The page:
Skip to main content

New center to focus on turning raw data into ‘actionable’ knowledge

Jul. 14, 2016, 10:09 AM

From extensive test results to exam notes to the very latest in medical research, modern health care professionals have become overloaded with data. As a result, it is now a critical mission for academic medical centers to translate this often-raw data into actionable knowledge used to deliver expert patient care, drive efficient clinical operations and promote discovery and education.

For an academic medical center like Vanderbilt University Medical Center (VUMC), where clinicians, researchers and educators are creating and using data all the time, this kind of actionable knowledge is actually a tangible asset. Making the leap from raw data to actionable knowledge is, however, not a simple process.

It typically requires the thoughtful stewardship of knowledge management experts skilled in understanding how to capture, maintain, curate and, most importantly, share knowledge.

For organizations that want to establish themselves as pioneers within the changing landscape of health care, knowledge management expertise is essential. In this regard, the newly formed Center for Knowledge Management (CKM) helps to cement VUMC’s reputation as a leader in health care.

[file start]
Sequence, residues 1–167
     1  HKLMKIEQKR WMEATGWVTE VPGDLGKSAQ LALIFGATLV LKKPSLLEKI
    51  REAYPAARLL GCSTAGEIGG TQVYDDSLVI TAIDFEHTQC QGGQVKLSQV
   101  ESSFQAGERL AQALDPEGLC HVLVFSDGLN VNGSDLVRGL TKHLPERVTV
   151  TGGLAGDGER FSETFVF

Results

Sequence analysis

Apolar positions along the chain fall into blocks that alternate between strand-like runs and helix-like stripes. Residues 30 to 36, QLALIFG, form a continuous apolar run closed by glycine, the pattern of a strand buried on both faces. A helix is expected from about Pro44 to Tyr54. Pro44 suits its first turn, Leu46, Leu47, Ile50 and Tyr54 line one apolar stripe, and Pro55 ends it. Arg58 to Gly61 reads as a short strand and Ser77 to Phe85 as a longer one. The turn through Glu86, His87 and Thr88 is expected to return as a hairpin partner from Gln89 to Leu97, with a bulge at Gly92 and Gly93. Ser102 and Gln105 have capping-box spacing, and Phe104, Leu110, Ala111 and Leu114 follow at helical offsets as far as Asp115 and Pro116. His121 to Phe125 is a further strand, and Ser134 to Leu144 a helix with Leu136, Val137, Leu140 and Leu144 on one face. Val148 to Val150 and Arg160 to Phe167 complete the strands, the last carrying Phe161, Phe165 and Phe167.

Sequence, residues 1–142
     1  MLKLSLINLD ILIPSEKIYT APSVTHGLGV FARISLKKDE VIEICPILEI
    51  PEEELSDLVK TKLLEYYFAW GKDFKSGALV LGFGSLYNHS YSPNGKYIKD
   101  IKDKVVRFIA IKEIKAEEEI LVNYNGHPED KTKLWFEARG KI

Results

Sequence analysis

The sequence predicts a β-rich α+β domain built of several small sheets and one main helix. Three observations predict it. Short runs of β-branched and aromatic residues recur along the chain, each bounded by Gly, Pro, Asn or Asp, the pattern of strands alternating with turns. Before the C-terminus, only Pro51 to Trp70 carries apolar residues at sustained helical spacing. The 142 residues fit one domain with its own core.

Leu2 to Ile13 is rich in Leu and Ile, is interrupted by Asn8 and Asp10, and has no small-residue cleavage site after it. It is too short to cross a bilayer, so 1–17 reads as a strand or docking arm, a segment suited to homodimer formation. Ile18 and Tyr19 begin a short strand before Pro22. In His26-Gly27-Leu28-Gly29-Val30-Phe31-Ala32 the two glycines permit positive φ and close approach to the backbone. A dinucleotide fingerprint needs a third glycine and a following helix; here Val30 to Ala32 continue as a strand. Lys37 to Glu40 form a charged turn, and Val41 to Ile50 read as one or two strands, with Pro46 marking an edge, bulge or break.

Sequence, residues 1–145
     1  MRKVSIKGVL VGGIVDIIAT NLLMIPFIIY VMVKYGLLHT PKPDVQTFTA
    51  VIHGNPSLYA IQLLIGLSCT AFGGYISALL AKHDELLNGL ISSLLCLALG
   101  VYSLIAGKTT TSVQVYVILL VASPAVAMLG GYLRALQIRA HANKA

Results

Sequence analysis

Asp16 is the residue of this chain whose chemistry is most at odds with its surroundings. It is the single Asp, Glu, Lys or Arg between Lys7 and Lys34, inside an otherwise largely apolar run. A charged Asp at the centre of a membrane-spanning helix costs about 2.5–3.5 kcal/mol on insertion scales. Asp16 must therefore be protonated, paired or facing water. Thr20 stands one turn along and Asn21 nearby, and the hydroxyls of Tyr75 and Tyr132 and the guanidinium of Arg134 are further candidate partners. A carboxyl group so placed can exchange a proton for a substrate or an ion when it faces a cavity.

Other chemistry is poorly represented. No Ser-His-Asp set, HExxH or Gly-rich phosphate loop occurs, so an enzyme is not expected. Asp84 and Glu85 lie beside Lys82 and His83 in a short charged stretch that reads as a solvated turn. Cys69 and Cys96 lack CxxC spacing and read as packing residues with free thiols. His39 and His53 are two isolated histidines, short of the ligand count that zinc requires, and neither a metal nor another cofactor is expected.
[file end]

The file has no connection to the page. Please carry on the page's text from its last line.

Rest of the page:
Nunzia Bettinsoli Giuse, M.D.
Nunzia Bettinsoli Giuse, M.D.

Led by Nunzia Bettinsoli Giuse, M.D., vice president for Knowledge Management and professor of Biomedical Informatics, the CKM was founded to create and share new knowledge by capturing, managing and transforming the myriad points of data that run through the Medical Center. The CKM focuses on how to take this newly created knowledge and make it useful and repurposable for a wide variety of clinical, research and educational purposes.

“One of the main scopes of CKM is to aid the Medical Center in the identification, use and reuse of knowledge embedded in both our systems and our experts,” said Giuse. The knowledge managed by the CKM falls into two types: “explicit”, referring to knowledge (such as facts in a textbook) that is readily understood with little interpretation; and “tacit,” meaning insights usually based on experience or expertise that must be provided with additional explanation or context.